The handbook “Mobile Radio Communications”, R. Steele, Pentech Press Limited, London, 1992, reprinted 1994, in Chapter 4, pp. 347-398 describes channel coding, interleaving techniques, convolutional codes and the Viterbi algorithm. More particularly, on pages 350-353 block de-interleaving is described that uses a de-interleaving memory. In one block de-interleaver, at the receiver, the de-interleaver feeds the de-interleaving memory in one column at a time until the de-interleaving memory is filled and removes the symbols a row at a time, the inverse permutation of the interleaving memory at the side of the transmitter. In another block de-interleaver, the symbols are written a row at a time. In the one block interleaver/de-interleaver, interleaving adds considerable delay. In the other block interleaver/de-interleaver, the interleaver delay is negligible, end-to-end delay mainly being due to the de-interleaver.
SUMMARY OF THE INVENTION
It is an object of the invention to provide a method of demodulating and decoding an encoded interleaved signal that achieves optimal adaptation of decoding to demodulation.
It is another object of the invention to provide such a method wherein scaling of soft-decision demodulated output words and de-interleaving is done with reduced memory usage.
It is still another object of the invention to provide such a method in which such scaling is done taking into account input word and processing needs of the decoder.
In accordance with the invention, a method of demodulating and decoding an encoded interleaved signal is provided, said method comprising:
demodulating a received encoded interleaved signal thereby producing soft-decision demodulated output words;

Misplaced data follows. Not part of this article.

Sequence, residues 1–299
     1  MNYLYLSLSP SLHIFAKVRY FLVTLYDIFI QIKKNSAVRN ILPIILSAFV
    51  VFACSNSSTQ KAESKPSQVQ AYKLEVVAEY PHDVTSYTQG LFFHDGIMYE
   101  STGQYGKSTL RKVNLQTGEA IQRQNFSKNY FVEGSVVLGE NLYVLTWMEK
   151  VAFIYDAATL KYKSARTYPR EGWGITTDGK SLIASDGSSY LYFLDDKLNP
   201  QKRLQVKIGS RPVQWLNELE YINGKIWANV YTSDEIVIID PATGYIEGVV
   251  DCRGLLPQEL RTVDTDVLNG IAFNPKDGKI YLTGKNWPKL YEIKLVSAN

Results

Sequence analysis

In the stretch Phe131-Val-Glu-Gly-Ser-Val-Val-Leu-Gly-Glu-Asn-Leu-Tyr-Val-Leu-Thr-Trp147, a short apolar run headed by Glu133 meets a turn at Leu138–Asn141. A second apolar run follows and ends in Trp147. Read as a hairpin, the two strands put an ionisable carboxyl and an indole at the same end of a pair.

de-interleaving and scaling said soft-decision demodulated output words thereby producing de-interleaved and scaled words, said scaling being performed for a plurality of successively demodulated output words at a time, thereby applying scaling factors that have substantially the same value for adjacent demodulated output words of said plurality of successively demodulated output words, said de-interleaved and scaled words being word-length-reduced words; and
decoding said de-interleaved and scaled words.
In an advantageous embodiment, a de-interleaving memory is filled with the word-length-reduced soft-decision demodulated output words. While the de-interleaving memory is being filled, overflow or underflow of the word-length-reduced words is checked and a scaling factor is adjusted accordingly. In case of underflow, the scaling factor is increased. In case of overflow, the scaling factor is decreased.
Advantageously, memory locations where scale factors were changed during the filling of the interleaving memory are recorded, along with the modified scaling factor applied, and, after filling of the interleaving memory, through in-place normalization of the entire interleaving memory a uniform scaling is determined. Such a normalization in-place, that avoids using additional memory, is particularly advantageous when decoding is done using a Viterbi algorithm. It also avoids using information from a previous frame to adjust the scale factor of the current frame which may lead to accidental erasures or overflow conditions. The use of a uniform scaling factor is important because the Viterbi algorithm performs better when receiving properly scaled successive input words, i.e., where the scaling of soft decisions is at least uniform over the length of the employed traceback memory. The reordering of bits in the de-interleaver widens the scope of this constraint such that a safe policy is to keep the scale factor uniform over the entire interleaving frame.